BIG problems with sanctioned camps...details matter!
Results of the BOA hearings
The Board of Adjustment (BOA), who are appointed by the Mayor, denied the appeals for both
1) the revised Determination
2) the site-specific permit of Park Hill United Methodist Church
Four votes were needed to uphold the appeals; both votes were 3-2. Voting for the appeals: Keavney, Elder, Schultz; voting against the appeals: Young, Burkhart.
Board had moments of intellectual honesty
Board members unanimously agreed that Zoning Administrator Tina Axelrad did not adequately consider health and safety impacts. Video here.
"The CVC drug policy violates state and federal law with regard to drugs in proximity to schools and daycares.” Jim Keaveny, Chairman
"This [site] was a foregone conclusion...and the process was adapted to check the boxes and get this thing [permit] issued. Looking at the review and final decision…so many things are outside the normal box and it feels to me…the due diligence is just not there. The Zoning Code…is written for the protection of everybody and it seems to me that they whipped through the process and checked boxes instead of taking time to evaluate the health, safety, and welfare of the pre-school on-site, the neighboring properties, and even the occupants of the camp itself.” Penny Elder, Vice Chairman
"This should have been legislated. This should be a listed use. So now we’re all in this position to swim in ambiguity and decide whether the Zoning Administrator erred or not. I think there should be more rule making behind it and that’s not our job. I have concerns about health and safety; it should be in the Determination, not permit specific.” Charlie Young, Board Member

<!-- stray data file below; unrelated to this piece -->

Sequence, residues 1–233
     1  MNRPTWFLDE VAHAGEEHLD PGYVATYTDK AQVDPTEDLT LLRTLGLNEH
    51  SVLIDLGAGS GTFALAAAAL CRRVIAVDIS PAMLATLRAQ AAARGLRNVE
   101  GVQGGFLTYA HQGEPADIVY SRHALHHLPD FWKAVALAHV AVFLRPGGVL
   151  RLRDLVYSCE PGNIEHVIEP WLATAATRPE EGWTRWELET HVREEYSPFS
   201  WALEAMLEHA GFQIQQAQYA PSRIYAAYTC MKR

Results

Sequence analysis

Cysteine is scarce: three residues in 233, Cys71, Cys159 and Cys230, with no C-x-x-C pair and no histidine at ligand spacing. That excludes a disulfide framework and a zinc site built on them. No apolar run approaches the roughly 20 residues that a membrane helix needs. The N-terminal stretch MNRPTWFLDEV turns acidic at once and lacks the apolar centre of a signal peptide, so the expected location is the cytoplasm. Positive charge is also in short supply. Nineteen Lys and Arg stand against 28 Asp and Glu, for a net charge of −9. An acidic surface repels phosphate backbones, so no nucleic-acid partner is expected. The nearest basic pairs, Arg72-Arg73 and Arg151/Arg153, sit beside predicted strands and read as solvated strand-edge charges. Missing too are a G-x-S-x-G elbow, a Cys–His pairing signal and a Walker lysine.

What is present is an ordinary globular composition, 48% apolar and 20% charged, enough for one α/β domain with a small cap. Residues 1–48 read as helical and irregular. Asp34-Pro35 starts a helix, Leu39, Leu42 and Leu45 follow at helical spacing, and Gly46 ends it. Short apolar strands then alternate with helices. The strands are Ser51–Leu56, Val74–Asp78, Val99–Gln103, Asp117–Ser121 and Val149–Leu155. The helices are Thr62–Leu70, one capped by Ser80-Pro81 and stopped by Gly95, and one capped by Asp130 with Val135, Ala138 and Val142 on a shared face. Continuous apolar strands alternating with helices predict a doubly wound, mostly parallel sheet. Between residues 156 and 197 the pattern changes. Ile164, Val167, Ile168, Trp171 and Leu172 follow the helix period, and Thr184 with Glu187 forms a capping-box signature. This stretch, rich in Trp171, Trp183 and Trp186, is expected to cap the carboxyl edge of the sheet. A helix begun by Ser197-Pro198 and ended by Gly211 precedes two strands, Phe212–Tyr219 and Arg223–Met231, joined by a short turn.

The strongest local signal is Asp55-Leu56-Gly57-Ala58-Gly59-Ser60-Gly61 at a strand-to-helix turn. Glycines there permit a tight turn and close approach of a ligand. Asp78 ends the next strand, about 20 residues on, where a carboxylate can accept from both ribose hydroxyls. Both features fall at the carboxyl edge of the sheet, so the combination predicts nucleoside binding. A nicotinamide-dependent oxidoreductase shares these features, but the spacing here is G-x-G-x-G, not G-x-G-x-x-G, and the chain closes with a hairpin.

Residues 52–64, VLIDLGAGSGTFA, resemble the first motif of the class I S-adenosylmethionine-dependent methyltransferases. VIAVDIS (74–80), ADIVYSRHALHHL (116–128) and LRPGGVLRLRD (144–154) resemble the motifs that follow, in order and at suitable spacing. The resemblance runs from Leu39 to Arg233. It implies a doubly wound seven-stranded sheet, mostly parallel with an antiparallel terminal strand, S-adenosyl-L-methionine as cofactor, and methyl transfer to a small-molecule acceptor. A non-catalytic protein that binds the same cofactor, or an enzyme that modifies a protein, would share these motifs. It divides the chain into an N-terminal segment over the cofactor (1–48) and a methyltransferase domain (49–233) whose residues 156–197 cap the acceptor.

“We’re being told in the previous hearing that we’ve already voted the other way and it set a precedent. [Permits] are per location and…I don’t feel that they followed the checklist, especially at this location with a school. Just because they say they put the plans in place doesn’t mean the plans are necessarily protecting the school or the surrounding neighbors.” Frank Schultz, Board Member
"One thing I thought was missing...the children’s center belongs to the church. The church didn’t seem to do much except that they wanted something else on their property. The City does not have to work with the neighborhood – that’s not what you have to do for a zoning permit, so it wasn’t the City’s fault, but I would like to have seen more information coming from the church.” Nancy Burkhart, Board Member
SOS sites | coming to YOUR neighborhood soon
On July 26, Mayor Hancock doubled down on SOS camps in his State of the City address, "More tiny home villages, more safe outdoors spaces, and even safe parking spaces."
Housing first = sites/tents/parking provided at no cost
Harm reduction = syringes, sharps containers, tourniquets, cookers, Narcan provided; privacy for drug use in individual tents
Low barrier = no drug test, no breathalyzer, no treatment or sobriety required
7 out of 10 homeless people suffer from addiction to drugs/alcohol and/or mental illness
Services are not required as a condition of residency
“The process Ms. Axelrad and the Colorado Village Collaborative used to create and permit this use as a use-by-right anywhere in the City has been deeply flawed. Had it not been for this small group of appellants, this overreach never would have been exposed. Until the City takes this issue up legislatively in a process that ensures accountability to Denver’s voters and taxpayers, the legitimacy of sanctioned campsites should always be questioned." Sarah Baker, attorney for the Appellants
Read full article HERE.